I remember a time when selling exhibits was a lot more fun. We worked hard to build relationships with trade show managers and marketing managers and sales executives in our prospective client’s companies. We did things to earn trust, build rapport and create friendships. The basic idea was that people wanted to work with people they liked to work with. People they knew. People they trusted.
Many times those supplier – client relationships lasted years, and sometimes they became friendships. Clients referred you to their business associates and friends in other companies and your circle of clients grew larger. But it was always based on your ability to perform and the trust you created.
Today it seems more and more we are relegated to the online procurement department RFP response. We seem to rarely have any face-to-face time with marketing and sales departments, much less an opportunity to really develop a strong relationship with the people that are actually going to manage the program.
When was the last time you presented your design and program live and in person to a group of marketing and sales executives, reached an agreement while you were there, and then shook hands and walked out with the deal done?
On a recent RFP we went through several levels of response, all submitted online in a format that limited the number of words in your response to their questions and prevented you from attaching images. We then went through an online negotiation of rates. Once we prevailed and were told we were selected, we received a 43-page legal contract to review, sign and return. This was not our standard terms & conditions document – this was their terms for us working with them. As a sales and marketing guy, digging into a 43-page legal document is akin to Chinese water torture. Thank goodness for our CFO.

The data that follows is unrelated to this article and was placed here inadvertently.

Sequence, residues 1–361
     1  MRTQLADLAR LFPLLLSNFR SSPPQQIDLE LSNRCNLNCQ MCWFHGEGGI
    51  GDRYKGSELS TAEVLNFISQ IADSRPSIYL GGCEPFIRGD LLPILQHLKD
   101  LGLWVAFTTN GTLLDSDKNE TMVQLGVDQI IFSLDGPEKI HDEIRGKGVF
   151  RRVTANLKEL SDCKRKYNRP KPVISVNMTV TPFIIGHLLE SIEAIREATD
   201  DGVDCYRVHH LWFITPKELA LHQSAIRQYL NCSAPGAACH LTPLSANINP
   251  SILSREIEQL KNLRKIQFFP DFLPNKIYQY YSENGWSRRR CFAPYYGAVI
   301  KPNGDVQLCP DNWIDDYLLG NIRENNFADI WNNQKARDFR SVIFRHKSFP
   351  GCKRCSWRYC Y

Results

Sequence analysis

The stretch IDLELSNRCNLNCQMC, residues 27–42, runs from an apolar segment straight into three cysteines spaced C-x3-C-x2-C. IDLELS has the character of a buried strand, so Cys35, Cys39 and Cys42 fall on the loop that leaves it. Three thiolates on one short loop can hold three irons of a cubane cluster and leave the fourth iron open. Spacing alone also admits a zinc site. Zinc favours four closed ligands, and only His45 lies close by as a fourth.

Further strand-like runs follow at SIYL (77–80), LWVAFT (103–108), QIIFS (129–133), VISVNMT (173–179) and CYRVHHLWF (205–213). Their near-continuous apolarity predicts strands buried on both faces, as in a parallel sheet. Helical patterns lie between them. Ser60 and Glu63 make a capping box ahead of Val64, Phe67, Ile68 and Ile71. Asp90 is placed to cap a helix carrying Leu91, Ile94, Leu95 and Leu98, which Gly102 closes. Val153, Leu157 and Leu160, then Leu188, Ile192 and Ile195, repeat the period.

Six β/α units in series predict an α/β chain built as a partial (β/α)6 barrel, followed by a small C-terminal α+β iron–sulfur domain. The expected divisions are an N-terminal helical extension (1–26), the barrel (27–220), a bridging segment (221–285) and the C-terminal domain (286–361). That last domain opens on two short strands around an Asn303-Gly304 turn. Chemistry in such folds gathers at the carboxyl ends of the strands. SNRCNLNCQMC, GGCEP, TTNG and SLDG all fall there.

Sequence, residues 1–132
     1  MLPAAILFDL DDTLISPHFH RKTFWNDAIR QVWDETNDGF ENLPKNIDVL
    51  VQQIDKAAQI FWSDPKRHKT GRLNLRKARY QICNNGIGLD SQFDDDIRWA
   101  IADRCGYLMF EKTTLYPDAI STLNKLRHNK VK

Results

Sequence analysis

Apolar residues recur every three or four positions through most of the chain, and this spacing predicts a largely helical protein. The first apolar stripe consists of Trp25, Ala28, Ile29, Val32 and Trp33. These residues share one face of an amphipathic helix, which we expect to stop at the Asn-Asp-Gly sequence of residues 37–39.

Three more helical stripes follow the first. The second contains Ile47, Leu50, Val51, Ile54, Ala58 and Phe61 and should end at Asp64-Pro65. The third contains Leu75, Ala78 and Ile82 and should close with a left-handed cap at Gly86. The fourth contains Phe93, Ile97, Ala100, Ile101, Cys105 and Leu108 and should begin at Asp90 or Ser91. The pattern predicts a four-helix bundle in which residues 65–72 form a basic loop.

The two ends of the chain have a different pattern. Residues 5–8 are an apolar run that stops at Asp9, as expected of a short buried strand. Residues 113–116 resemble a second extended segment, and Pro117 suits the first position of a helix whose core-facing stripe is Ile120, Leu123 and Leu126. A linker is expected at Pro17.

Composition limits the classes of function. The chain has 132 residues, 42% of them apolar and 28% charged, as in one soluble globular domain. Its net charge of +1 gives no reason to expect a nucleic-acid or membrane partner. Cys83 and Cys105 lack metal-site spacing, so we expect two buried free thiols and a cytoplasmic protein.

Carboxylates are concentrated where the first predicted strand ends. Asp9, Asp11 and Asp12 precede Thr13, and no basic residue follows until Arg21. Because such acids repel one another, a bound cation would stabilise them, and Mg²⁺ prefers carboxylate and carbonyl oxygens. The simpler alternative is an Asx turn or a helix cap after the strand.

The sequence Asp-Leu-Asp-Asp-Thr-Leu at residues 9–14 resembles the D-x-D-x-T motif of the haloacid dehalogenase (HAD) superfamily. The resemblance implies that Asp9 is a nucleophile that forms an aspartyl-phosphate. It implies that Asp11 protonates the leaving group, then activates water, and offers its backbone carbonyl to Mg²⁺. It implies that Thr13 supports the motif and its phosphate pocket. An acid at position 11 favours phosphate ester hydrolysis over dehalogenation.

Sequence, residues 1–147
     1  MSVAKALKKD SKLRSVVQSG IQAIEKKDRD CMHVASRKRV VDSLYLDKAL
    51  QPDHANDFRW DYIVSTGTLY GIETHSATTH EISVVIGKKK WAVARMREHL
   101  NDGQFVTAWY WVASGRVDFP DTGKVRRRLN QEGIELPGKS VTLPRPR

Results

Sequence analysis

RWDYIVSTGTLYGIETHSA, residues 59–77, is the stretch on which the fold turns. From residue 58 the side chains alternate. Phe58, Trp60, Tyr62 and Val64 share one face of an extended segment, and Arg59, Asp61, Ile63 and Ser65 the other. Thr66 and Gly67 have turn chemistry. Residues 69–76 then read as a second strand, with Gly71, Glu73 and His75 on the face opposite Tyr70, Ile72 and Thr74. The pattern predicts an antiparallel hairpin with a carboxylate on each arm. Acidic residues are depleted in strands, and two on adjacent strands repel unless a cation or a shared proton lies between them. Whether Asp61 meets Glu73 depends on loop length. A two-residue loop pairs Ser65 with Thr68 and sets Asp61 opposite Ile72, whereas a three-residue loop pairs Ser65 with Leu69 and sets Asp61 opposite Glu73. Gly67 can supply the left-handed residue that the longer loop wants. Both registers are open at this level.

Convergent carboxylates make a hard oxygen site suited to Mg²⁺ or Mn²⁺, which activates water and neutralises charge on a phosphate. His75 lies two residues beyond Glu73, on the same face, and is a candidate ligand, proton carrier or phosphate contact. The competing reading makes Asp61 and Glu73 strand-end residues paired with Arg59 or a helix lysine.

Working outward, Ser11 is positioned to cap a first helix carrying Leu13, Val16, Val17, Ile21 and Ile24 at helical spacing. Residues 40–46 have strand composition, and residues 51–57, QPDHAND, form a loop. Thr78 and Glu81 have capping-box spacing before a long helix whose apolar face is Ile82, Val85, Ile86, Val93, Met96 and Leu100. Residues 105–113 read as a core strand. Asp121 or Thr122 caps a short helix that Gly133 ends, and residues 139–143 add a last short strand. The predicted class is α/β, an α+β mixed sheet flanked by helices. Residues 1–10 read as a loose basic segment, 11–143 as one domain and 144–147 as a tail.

Never once in this process did we ever meet with anyone in person from either their procurement group or their marketing team that was going to have to work with whomever the procurement folks selected. It almost felt like some sort of ancient ritual where the king was selecting a suitable knight for his daughter, the princess. The princess meets the knight for the first time at the altar.
I realize not all opportunities present themselves in this way, but it seems that working through procurement is becoming more and more prevalent in our world. The reality is that we need to figure out how to be successful in this business environment, just as we did in the past. I’m not sure it will require a lot of different skills, perhaps just a refocusing of our talents.
With marketing and sales teams, we were really trying to find their pain points, learn about their marketing and sales objectives and present a solution that solved their problems, showed a positive return on investment and made them successful. And along the way we developed strong relationships.
With the procurement teams we now are faced with, I suggest the approach is not that much different, it’s just a different group with a different set of problems and objectives, and different measurables. We still need to figure out who they are, what makes them tick, and what we need to show them to prevail.
You might respond that with procurement teams it is all about the dollar – and the fewer the better. But I’ll argue that there are always other motivators in addition to the lowest price. And like we did with their marketing and sales counterparts, it’s incumbent on us to figure it out for these folks.
See you on the show floor.
Jim Obermeyer has been in the tradeshow industry 35 years, both as a corporate trade show manager and exhibit house owner. He is currently a Vice President at Hamilton Exhibits and can be reached at email@example.com.